“To secure the succession process of the organisation and reduce the strategic gaps,” commented a CHRO in Mexico’s Industrial sector as a top reason for building a Next Generation talent strategy. Executives across all industries recognise the imperative of succession planning, reflected in our survey results as the number three top reason for building next generation talent, but many organisations have still not actually developed a succession plan.

“If the organisation is designed as a long-term business and not just a kind of mission task force, one of the first things you must ask is, who is next?” said a Latin America-based CEO in the non-profit sector.

Developing a talent pipeline ranked among the top five reasons of global business leaders for building a next generation talent strategy, and the second top reason among executives in the Professional Services sector. Along with ageing populations, many industries are experiencing a talent drain as leaders retire from the workforce. If organisations haven’t identified and developed internal talent, or tapped into external networks for the right successors, they have immediately introduced a high degree of risk into their equation for success.

Today’s C-suite struggles to actualise enterprise-wide digital transformation

“The next generation will lead a different kind of organisation, one more dynamic and decentralised, based on digital solutions,” commented a Regional Head in Brazil’s Technology sector. “Digitalisation and doing business in new ways can be a challenge for existing management,” added a CIO from the financial services sector in Europe’s Nordics region.

Digital expertise is increasingly essential to drive growth and remain relevant in the marketplace, and many organisations simply don’t have it well represented in their C-suite. Not only is it critical for their brands and aligning with their customers, it is also increasingly a required competency to lead teams scattered across continents and connected only by digital platforms.

For true enterprise-wide digital transformation, traditional hierarchies must be dismantled and smaller, flatter, self-organising teams must be able to easily develop from project to project. Thus, for digital to truly flourish enterprise-wide, it often requires a significant shift in both culture and structure. This requires leaders who can rally their teams around a new way of thinking that can feel daunting. Especially for those less comfortable working in more nimble, fluid environments.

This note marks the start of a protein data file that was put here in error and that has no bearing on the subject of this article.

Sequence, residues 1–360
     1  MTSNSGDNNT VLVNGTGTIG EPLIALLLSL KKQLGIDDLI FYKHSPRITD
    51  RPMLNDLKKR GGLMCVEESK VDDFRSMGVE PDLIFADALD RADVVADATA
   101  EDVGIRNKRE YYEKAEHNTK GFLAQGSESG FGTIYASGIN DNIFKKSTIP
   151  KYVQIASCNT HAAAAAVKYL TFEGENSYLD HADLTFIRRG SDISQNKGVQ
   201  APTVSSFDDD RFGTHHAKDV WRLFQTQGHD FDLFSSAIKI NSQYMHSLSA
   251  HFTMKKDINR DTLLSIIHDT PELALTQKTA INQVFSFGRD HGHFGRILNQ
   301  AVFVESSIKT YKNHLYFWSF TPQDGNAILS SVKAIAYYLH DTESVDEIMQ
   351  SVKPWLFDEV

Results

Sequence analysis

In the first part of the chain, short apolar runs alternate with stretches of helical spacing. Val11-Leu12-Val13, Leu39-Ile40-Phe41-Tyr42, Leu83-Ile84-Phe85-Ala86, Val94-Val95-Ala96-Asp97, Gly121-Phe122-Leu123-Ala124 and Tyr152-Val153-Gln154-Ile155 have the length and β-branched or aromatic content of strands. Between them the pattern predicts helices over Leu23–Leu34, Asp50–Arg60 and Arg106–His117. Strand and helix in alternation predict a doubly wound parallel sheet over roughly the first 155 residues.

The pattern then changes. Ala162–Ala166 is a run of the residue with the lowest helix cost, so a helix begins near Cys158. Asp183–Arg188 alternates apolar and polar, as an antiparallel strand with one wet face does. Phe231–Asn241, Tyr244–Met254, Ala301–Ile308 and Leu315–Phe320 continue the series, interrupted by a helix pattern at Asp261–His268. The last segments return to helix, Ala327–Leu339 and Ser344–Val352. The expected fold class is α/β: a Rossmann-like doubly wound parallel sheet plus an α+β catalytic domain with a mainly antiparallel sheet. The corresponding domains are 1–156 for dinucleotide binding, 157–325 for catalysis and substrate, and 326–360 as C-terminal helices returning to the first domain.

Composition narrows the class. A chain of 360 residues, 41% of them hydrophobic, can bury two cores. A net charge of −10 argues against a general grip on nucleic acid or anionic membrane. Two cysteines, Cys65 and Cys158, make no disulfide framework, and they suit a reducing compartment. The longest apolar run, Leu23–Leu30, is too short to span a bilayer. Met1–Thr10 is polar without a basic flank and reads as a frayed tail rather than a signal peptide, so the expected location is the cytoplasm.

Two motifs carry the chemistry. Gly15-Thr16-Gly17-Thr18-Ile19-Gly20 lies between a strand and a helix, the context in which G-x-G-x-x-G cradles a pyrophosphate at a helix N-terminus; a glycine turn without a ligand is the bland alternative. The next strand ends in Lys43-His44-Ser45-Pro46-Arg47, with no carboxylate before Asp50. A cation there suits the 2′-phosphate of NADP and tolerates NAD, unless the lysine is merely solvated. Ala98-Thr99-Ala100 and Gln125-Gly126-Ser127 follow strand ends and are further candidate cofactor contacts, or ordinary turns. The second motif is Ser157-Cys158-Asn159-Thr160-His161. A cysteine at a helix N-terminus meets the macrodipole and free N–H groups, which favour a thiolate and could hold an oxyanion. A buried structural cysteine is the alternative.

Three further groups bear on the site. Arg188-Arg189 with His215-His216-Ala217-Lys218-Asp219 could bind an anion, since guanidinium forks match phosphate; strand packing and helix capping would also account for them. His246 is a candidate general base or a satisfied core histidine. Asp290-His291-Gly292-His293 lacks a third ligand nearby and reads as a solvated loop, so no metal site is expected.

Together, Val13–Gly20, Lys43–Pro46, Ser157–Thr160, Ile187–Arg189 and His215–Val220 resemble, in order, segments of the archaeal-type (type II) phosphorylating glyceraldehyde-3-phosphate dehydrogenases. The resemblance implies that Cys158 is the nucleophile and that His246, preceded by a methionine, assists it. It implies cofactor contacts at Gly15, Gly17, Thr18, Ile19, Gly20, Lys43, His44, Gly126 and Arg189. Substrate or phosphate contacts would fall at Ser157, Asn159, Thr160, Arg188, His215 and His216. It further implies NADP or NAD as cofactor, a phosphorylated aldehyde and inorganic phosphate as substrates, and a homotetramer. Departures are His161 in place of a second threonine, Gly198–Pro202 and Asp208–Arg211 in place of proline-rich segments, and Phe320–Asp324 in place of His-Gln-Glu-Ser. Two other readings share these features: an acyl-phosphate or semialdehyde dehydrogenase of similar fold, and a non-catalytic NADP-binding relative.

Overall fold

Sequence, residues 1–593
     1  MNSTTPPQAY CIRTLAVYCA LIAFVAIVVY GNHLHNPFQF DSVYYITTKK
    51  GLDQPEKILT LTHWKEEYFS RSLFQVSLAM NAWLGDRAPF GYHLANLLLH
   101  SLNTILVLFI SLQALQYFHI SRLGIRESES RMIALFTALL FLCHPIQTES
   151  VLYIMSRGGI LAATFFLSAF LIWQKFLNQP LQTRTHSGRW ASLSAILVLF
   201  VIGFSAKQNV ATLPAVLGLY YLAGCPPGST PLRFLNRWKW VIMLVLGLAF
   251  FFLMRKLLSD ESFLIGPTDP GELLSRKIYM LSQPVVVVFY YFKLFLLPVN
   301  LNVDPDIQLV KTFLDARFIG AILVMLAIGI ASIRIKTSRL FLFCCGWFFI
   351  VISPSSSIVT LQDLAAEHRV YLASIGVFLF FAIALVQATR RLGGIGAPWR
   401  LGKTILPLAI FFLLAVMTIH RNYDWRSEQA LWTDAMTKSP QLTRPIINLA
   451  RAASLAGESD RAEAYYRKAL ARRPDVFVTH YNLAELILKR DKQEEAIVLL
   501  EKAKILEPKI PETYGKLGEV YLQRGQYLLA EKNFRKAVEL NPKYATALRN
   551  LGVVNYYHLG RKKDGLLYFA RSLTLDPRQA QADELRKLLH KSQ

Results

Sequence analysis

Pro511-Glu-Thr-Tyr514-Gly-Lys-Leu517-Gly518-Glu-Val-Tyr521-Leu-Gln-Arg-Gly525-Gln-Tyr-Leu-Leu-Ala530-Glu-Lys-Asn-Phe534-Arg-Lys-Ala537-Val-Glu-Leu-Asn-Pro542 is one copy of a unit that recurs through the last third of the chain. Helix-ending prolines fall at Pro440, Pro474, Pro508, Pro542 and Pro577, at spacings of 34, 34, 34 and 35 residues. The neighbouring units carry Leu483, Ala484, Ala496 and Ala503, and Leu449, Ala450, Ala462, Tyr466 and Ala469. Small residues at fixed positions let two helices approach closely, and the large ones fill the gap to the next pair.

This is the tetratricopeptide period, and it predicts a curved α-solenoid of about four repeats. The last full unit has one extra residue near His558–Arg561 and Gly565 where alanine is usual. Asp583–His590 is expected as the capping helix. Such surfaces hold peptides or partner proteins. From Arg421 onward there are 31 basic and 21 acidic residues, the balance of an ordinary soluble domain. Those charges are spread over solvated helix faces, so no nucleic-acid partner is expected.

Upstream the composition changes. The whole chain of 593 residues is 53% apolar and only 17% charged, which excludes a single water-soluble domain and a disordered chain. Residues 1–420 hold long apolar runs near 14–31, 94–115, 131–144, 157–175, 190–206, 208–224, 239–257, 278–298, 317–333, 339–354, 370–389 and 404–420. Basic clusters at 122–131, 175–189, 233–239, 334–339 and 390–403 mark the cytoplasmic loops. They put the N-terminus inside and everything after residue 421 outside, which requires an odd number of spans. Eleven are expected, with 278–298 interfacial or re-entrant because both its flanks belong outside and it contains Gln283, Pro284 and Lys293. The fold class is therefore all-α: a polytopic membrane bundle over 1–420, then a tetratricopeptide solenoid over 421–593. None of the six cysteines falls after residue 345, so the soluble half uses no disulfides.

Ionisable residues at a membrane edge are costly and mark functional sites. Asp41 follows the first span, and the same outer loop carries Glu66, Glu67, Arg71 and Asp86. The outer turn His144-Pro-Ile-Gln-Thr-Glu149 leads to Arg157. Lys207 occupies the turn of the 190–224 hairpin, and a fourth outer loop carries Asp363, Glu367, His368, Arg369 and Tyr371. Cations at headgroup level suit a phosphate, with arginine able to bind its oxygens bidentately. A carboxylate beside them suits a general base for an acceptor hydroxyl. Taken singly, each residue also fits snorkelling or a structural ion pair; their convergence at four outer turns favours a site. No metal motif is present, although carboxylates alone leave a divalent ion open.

Leaders from all sectors ranked digital expertise among the top five reasons for building a next generation talent strategy in their organisations, and executives from the Professional Services and Technology sectors ranked it second and third, respectively. Business leaders understand their organisations must actualise enterprise-wide digital transformation or be quickly left behind, and increasingly they identify leaders with digital expertise as being critical for innovation.

“New challenges need new innovative and mindful change management to be ahead of the competition,” stated a Chief Health & Life Officer within the Insurance sector in the Middle East.

When asked why building next generation talent was important, a CEO in the Professional Services sector in the United States commented more bluntly, “Because not to do so will kill innovation. Many industries are dying under the old models and thought patterns of tone deaf management.”

Business leaders grapple with constant, relevant customer alignment across devices, experiences and geographies

Leaders in the C-suite realise the customer is in control and that they need to harness next generation talent to stay relevant in the market and connect with their customer base. “Because the market is changing, the new customers are different, they have different expectations, and they respond differently to our products. In order to deal with this new market we need talent that understands that,” commented an executive in the financial services sector in Brazil.

Global business leaders are looking for new perspectives, ranked eighth globally and third by executives in the Consumer and Retail sector as a reason for building a next generation talent strategy. They realise their brands and products must be reflective of their customers and their experiences, and that reflection must start in the C-suite and mirror throughout the organisation. If C-suites and Boards are not reflective of their customers, they will quickly lose momentum in today’s environment of transparency where there is no barrier between company and customer.

Today’s customer is more sophisticated and empowered than ever. They offer their loyalty to organisations that reflect their values and place more importance on social responsibility. They are also looking for personalised, cohesive brand experiences across physical and digital environments.

Businesses with a competitive advantage must have leadership that is digitally fluent, can constantly place their customer at the core, while fostering an internal culture that is reflective of the market. “To be flexible, you need more articulations. Talent from the next generation is better able to understand what is currently happening,” commented a CEO in the financial services sector in the Central & Eastern European market.